Typically, a farmer or fisherman will apply a label to a container or carton when food comes out of the ground or the sea. The label could use barcodes, QR codes, or passive UHF RFID chips, and tag identifiers would be used to create a virtual identity for all products in a specific checkout. The ytem system allows users to track a fish in a crate, for example, or specific pieces of fish sent to different parties. Users can use a smartphone to scan each tag or an RFID reader to capture each unique tag ID to identify the container. The operator would then enter related data, such as details of the fish loaded into the container, as this action took place, along with conditions, feed weight or other information.

The collected data would then be stored in the cloud via Mojix’s software platform. As each container leaves the custody of a particular part and then enters a warehouse or store, the next person to handle the goods can scan or read the label and update the data, as well as view the history of this container. If a container of fish was processed or cut into pieces with different destinations, each piece could be tracked in the ytem platform. A single piece of fish could be placed in a new labeled container with a new destination, and the operator would enter the new data, thus connecting the two labels. Eventually, the fish could be transformed to create, for example, a can of tuna. The barcode on the box label could be linked to any historical data related to that specific piece of fish.

Frank Yiannas

So even consumers could potentially gain access to information about this fish by scanning the barcode on the label. The main goal of Mojix, according to de Lailhacar, is to provide an open system that could be used by anyone. “We realized that if we were the only ones doing this, we would keep industry data in silos,” she says, “so we came up with an open ytem supply chain so that service providers , food producers, logistics or retailers can all connect to the chain. ” Mojix piloted the solution before completing the rewards entry, following the fish from the point of capture to the store.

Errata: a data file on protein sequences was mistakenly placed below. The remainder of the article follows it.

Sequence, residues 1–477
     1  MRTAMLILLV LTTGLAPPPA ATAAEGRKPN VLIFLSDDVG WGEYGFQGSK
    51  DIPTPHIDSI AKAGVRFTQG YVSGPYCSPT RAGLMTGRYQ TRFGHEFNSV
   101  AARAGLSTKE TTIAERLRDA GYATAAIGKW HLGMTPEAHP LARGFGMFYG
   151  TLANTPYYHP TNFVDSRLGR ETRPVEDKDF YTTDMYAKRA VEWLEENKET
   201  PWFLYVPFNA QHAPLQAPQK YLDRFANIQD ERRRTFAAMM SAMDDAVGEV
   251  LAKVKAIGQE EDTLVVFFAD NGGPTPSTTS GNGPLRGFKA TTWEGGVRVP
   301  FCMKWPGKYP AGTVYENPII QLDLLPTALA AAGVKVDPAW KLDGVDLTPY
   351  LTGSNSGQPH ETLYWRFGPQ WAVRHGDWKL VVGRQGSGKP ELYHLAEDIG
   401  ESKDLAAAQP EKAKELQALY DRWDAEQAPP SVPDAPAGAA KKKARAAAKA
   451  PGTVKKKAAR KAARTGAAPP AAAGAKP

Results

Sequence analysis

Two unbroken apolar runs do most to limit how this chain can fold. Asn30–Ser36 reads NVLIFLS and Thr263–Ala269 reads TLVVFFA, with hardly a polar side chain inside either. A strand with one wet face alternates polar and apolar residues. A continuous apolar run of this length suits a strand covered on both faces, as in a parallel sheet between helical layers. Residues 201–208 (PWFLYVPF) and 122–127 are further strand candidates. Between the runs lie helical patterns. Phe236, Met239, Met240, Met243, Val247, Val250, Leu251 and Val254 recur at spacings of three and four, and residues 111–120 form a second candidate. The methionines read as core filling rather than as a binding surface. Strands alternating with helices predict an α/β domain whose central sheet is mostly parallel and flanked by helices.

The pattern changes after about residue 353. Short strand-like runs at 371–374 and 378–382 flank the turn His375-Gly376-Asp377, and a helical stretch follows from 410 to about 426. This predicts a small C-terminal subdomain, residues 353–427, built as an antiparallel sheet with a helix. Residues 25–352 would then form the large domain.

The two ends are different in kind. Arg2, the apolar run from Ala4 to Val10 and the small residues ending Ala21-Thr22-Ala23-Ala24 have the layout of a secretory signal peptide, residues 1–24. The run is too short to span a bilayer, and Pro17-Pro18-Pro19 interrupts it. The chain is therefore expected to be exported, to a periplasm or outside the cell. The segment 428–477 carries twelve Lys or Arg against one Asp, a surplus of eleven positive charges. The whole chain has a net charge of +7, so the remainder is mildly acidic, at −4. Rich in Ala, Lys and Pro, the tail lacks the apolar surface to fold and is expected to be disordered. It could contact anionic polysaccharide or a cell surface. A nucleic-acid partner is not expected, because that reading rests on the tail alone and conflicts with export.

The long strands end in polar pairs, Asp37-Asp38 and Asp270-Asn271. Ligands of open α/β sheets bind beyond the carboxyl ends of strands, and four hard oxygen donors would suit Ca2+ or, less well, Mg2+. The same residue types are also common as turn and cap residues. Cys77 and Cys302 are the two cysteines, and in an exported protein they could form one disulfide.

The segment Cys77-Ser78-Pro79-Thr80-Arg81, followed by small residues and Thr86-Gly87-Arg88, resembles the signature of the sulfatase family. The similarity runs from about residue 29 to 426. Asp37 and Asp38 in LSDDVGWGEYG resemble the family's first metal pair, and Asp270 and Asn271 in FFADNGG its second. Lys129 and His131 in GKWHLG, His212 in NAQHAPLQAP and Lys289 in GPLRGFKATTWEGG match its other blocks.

The FDA’s challenge also focuses on affordability so that food producers are not burdened with high technological costs. Mojix says he envisions the system being used in a way that makes the technology profitable. The company intends to achieve this goal by providing aggregate data (used for trend analysis, for example) that might be of interest to parties who would pay for access. For example, food companies might wish to display production yields across multiple supply chains, as well as specific food movements over time, to develop their own production plans.

Financial markets might pay for information in order to get analysis, while consulting firms might be interested in buying data, just as they might pay for information from media sources or analysts. Other companies could leverage the data as part of their own consumer-based solutions, Mojix speculates. For example, the French company Yuka offers an app that allows users to view information on whether products on store shelves are healthy, as well as the impact they might have on the climate, so that shoppers can take note. an informed decision about their purchases.

The ytem-based data could further improve these applications, reports the tech company. Following FDA approval, Mojix says he’s now part of the agency’s tech ecosystem and is looking for partnerships to carry out this mission. “We have to extend our arms to the other players,” said de Lailhacar.